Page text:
Scranton’s Everhart Museum was founded in 1908 by Dr. Isaiah Fawkes Everhart, a Scranton physician and Civil War veteran. Initially, the Everhart Museum was designed to educate the public on Pennsylvania’s native birds, plants, and wildlife. The museum was expanded in 1928 to add ethnographic and archaeological collections. During the 1940s, the museum received a large donation of American folk art displayed side-by-side with Japanese, African, and Oceanic art. Today, the Everhart Museum displays works of science, art, and literature “to spark the imagination, challenge thought, and provide enjoyment.”
Their vision is “to be a regionally recognized museum that brings people together ignites shared experiences, and creates unexpected connections through dynamic exhibitions, events, and partnerships; and by providing outstanding educational programs.” To meet its goals, the Everhart Museum provides educational and cultural opportunities for Northeast PA. The museum is a teaching project alongside conservation efforts and emphasizes the education of its patrons.
The museum’s exhibits are divided into several sections. First is the Founding Exhibit, which features Dr. Everhart’s taxidermied bird collection. According to the museum’s website, the collection contains: “2,300 bird specimens, 50 fish, 400 mammals, 150 reptiles, 35 amphibians, 2,100 botanical specimens, 25,000 shells, 300 fossils, and 800 minerals.” In the 1930s, Scranton residents John Law Robertson and Rhetta Church Robertson donated a large portion of American Folk Art, African Art, and Oceanic Art. Today, their donations are known as the American Folk Art and African Art collections. The Robertsons’ work greatly influenced the Everhart Museum, which continues to collect and display American folk art for all to see.
In the 1980s, the Everhart Museum established an official Oceanic Collection. In the 90s, they embraced the international art market. Their most recent exhibit, Eyes on America, on display from September 3rd to December 31st, gathers the museum’s most provocative pieces for visitors to contemplate in a historical context. Eyes on America seeks to answer several questions, such as “What does it mean to be American? How have Americans viewed themselves both historically and in the present-day? Why have certain images or symbols become associated with American culture?”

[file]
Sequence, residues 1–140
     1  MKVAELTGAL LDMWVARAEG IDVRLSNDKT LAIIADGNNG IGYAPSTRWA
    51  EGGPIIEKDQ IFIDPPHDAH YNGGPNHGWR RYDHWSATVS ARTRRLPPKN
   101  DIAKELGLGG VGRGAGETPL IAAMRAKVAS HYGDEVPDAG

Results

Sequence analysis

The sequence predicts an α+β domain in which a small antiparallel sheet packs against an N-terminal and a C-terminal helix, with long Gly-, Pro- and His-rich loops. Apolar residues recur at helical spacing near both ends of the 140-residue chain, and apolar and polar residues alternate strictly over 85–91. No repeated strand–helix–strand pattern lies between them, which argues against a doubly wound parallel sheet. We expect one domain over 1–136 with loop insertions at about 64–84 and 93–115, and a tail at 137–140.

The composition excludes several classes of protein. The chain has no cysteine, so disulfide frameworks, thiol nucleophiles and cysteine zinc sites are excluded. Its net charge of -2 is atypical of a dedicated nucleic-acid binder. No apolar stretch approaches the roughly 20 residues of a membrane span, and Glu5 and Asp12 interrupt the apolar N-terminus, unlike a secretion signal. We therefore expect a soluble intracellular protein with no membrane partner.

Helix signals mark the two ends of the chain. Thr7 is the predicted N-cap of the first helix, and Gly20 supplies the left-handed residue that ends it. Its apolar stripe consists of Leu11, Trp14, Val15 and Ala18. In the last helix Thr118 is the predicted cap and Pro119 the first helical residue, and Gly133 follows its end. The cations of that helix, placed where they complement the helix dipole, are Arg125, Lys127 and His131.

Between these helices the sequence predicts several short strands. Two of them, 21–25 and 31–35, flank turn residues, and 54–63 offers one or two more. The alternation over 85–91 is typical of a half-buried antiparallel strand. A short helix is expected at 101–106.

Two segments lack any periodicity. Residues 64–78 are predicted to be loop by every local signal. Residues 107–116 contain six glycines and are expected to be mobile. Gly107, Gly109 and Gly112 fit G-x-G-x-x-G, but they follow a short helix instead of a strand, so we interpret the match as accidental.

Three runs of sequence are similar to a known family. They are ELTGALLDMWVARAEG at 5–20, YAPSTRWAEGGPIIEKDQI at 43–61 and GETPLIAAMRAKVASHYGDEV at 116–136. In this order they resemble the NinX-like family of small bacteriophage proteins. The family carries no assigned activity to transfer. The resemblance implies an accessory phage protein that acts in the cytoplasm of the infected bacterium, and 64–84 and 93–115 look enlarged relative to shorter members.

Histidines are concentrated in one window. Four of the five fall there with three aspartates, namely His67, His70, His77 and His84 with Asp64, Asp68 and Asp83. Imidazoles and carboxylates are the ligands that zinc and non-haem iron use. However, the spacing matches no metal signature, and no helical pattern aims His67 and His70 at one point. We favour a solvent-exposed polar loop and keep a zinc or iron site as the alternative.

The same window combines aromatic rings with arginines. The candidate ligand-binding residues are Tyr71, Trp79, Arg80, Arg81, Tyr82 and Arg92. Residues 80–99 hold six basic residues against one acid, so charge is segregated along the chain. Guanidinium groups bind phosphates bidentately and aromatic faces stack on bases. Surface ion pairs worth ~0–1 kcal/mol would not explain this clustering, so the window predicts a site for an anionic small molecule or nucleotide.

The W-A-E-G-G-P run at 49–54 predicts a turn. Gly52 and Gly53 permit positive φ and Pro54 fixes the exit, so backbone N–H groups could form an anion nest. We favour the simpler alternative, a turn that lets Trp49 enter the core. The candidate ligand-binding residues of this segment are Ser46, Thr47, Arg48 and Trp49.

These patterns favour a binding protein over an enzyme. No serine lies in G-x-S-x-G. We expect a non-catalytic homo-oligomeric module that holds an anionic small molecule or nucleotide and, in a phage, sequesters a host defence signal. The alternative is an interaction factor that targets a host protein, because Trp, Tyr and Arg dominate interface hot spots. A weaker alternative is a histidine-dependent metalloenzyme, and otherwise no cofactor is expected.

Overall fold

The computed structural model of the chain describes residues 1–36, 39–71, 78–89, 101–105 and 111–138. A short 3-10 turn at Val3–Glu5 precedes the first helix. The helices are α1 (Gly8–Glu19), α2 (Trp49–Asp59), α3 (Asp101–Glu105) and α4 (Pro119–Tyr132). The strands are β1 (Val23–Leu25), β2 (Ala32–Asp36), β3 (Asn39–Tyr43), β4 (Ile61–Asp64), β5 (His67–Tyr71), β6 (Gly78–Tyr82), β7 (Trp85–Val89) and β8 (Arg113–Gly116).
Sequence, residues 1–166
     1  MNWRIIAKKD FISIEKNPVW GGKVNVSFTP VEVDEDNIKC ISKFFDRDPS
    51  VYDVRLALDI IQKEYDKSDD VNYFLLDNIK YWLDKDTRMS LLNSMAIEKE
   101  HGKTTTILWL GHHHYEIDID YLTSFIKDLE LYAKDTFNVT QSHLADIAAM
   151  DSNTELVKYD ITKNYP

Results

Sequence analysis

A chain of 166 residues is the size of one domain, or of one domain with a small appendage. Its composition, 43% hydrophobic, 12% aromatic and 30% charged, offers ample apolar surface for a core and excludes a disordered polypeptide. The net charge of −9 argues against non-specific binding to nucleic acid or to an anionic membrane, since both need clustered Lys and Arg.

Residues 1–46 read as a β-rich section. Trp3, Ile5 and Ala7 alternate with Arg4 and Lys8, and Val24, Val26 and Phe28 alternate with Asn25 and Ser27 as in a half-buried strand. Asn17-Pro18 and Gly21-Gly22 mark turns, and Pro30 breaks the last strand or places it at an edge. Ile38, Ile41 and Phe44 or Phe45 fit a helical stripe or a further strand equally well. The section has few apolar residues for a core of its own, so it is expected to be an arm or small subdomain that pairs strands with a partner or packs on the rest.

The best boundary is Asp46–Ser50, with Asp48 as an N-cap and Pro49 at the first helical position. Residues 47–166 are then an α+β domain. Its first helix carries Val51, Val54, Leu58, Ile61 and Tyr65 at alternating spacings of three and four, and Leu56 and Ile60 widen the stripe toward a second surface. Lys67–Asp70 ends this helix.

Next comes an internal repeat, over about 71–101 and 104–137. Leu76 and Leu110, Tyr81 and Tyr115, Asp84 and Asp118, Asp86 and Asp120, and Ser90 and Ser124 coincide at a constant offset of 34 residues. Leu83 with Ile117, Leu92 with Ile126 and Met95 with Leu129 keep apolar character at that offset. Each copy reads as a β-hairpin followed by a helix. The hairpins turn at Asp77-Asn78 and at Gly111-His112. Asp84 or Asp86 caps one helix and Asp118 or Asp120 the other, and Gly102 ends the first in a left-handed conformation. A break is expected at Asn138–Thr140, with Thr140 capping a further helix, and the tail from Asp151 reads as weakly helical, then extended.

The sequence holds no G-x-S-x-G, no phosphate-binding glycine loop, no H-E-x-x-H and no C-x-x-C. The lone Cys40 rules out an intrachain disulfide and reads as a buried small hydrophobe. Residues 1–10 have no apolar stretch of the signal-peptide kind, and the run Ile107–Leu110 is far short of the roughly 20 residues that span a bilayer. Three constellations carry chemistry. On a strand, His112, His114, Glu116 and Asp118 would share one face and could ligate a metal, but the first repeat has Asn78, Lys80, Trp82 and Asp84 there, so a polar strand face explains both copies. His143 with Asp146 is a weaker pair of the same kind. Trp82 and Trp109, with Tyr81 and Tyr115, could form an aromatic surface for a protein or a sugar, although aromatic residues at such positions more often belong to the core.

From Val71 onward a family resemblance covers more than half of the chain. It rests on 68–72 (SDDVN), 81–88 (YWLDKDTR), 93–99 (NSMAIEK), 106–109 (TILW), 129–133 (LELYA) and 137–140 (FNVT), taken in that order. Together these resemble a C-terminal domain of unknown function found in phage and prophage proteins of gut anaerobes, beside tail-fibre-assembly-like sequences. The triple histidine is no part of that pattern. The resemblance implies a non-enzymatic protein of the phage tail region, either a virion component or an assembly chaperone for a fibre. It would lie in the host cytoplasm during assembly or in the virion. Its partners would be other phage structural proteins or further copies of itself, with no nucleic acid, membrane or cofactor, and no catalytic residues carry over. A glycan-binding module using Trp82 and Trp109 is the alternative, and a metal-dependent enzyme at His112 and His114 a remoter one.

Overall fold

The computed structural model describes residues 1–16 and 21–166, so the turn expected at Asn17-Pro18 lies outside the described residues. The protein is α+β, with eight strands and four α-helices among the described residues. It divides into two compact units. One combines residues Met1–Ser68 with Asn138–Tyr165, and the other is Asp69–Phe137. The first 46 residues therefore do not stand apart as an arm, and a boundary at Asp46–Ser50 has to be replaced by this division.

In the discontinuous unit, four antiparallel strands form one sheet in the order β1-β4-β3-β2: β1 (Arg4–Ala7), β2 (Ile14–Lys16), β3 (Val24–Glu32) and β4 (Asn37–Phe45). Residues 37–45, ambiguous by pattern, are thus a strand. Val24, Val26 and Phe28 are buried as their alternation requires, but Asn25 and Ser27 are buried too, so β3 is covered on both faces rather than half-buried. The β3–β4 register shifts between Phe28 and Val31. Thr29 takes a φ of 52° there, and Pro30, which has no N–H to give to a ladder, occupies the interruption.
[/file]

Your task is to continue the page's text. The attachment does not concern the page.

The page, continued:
In the past, the Everhart Museum has featured a wide variety of exhibits that focus on life in Northeast PA. On September 9th, 2019, the Everhart Museum released The Good News by Scranton photographer Zak Zavada. Zavada’s works capture spontaneous moments of joy, but his work takes on a deeper, almost melancholic tone. “Tall-Bike Boys” features three children near a dilapidated building holding cigarettes. “Crab” features a lone crustacean in a tank, claws bound by thick bands of rubber. Both photographs ask a similar question: how can we look differently at our surroundings? But Zavada’s work also features moments of unadulterated joy: in “Bananas,” a young boy makes faces at produce. “Fall” features a blanket of orange and red leaves, a lasting testament to the beauty of the season. In a world riddled with anxiety and ravaged by COVID, Zavada’s work is a desperately needed respite.
The Everhart Museum also features works from surrounding states. The Essence of Color: The Art of Victoria Lowe featured abstract paintings from Victoria Lowe, an Alabama-based artist. Her work merges the natural and the spiritual, with a special emphasis on sensuous colors. Each of her paintings is inspired by the stars, a connection to things beyond our physical world. The Everhart Museum’s expansion into new exhibitions has helped paint the narrative of the local community and history.
In 2019, the museum also featured several projects centered around social change. 2019’s Queer & Here commemorated Stonewall’s 50th anniversary by showcasing ten LGBTQ artists. In February of the same year, OurSELF sought to “create empathy and open a dialogue about mental health.” The exhibit featured an interactive art installation that encouraged visitors to have healthy discussions about mental health and the impacts of trauma. Currently, the Everhart Museum is operating on reduced hours to minimize risks to visitors. Visit their website for more information and their new hours. Masks are required for entry.